The commission has a year to determine whether sufficient evidence exists to rule that a violation occurred. If the commission does not find sufficient evidence in that time, it must notify the complaining applicant that the case has been dismissed. The complaining applicant has two years from such a notification to file a court action against the employer.

The Bottom Line on Ban the Box

Based on the recently passed amendment to the Fair Criminal Records Screening Standards Ordinance, Philadelphia employers now have a number of new responsibilities in the course of hiring workers. Employers should not ask about criminal backgrounds — including on application forms — during the interview process.

If a prospective employee voluntarily discloses information about a criminal record, an employer may ask questions. However, a criminal background check should not be conducted until the employer has made a conditional employment offer. In addition, if an applicant will be disqualified because of a criminal conviction, employers must document the individual review of the factors required by law, and they must give appropriate notice to the prospective employee.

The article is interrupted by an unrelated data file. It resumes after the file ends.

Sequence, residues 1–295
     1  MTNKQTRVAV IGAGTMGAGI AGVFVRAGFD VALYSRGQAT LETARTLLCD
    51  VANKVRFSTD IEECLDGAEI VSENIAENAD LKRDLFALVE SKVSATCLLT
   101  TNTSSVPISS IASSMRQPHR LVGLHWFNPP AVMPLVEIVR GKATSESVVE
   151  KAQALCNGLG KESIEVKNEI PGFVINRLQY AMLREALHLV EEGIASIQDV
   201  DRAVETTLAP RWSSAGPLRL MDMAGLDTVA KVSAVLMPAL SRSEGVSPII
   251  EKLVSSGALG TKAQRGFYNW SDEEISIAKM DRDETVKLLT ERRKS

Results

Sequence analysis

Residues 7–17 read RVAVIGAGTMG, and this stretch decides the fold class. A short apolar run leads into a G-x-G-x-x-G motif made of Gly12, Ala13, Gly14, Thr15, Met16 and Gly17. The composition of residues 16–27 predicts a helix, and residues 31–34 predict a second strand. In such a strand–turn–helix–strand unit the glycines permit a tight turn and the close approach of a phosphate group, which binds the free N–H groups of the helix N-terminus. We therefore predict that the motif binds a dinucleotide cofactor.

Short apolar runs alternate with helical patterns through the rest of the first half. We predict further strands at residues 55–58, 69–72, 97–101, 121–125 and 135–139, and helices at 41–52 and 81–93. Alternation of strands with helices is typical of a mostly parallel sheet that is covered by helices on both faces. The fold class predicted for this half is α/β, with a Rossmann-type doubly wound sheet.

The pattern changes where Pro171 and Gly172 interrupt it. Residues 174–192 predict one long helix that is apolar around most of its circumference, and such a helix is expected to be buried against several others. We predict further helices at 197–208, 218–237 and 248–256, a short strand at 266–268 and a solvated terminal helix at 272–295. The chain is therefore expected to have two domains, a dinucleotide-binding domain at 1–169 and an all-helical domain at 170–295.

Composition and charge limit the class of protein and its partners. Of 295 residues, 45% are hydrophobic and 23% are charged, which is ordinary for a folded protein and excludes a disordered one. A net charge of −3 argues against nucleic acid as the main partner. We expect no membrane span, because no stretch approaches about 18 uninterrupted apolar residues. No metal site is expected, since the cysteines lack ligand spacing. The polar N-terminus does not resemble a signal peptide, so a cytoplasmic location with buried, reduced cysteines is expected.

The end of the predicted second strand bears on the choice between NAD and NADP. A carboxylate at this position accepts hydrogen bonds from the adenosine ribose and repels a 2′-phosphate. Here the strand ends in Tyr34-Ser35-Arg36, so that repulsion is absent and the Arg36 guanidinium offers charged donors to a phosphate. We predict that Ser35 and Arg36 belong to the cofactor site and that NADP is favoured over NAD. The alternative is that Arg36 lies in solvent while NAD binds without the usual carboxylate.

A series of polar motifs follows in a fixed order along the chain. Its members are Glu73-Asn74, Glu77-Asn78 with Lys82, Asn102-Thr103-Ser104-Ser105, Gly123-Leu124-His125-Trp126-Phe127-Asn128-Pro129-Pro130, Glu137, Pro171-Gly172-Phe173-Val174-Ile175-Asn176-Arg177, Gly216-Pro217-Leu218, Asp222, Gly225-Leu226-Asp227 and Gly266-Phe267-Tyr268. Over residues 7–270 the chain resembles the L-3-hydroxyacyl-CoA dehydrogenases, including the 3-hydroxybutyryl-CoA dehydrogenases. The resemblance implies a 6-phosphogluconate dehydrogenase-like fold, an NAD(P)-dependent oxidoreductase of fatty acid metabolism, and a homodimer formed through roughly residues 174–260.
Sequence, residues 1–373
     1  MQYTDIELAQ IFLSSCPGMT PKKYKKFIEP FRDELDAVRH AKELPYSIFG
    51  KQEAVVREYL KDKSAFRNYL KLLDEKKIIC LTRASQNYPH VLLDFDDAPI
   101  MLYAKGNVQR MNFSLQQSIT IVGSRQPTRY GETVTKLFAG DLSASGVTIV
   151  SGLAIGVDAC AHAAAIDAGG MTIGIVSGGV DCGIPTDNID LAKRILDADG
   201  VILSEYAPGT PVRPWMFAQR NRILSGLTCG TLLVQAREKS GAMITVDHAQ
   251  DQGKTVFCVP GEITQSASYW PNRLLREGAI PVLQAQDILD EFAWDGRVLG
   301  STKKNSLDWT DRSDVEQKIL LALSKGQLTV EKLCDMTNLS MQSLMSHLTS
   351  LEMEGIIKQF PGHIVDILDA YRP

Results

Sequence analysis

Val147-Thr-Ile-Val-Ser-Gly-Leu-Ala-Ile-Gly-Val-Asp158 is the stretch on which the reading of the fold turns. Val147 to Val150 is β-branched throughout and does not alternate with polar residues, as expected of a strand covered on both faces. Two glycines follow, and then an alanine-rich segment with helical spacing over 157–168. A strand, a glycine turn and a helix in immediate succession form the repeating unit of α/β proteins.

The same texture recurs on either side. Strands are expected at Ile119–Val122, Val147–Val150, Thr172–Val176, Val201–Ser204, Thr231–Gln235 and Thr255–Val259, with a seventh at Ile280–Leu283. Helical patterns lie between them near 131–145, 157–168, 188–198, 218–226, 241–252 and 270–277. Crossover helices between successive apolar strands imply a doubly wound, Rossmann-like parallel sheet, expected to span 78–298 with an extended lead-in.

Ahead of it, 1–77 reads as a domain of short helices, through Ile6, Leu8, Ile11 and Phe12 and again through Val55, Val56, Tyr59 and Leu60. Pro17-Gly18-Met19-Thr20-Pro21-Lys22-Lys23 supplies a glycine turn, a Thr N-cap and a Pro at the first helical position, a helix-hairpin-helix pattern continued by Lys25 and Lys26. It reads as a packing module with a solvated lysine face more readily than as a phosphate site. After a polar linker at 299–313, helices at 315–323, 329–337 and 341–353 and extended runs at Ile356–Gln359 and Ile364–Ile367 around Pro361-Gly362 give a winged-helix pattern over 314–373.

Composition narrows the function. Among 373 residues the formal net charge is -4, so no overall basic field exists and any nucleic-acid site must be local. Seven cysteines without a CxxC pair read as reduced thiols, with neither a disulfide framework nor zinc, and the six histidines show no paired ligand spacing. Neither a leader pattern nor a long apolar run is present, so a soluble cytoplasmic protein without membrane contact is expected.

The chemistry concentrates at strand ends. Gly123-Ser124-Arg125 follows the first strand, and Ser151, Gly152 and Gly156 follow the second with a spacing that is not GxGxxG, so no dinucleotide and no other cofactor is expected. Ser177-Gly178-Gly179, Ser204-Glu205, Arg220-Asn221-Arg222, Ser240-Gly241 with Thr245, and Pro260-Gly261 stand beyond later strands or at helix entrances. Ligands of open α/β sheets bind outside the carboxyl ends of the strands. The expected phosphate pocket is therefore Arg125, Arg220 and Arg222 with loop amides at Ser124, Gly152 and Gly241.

With so many recent changes to the law, it’s important that employers review existing procedures and adjust background check processes to comply with the new rules. is fully versed in the requirements for employers under both the previously existing and amended laws and can guide you in minimizing risk during the background screening process. For a personal consultation about your specific business needs, please call us at (888) 219-4945 or complete our contact form. We look forward to working with you to ensure that your business fully complies with Philadelphia’s amended Ban the Box law.

Kristina Taylor
In 1989, Kristina began her career as a customer service representative at the newly formed American Tenant Screen, Inc. Ten years later, she pioneered tenant background screening on the Internet. As a long-standing member of the National Multifamily Resident Information Council (formerly the National Association of Screening Agencies) Kristina gains insight into the trends of the tenant screening industry to better understand the current and future needs of their clients.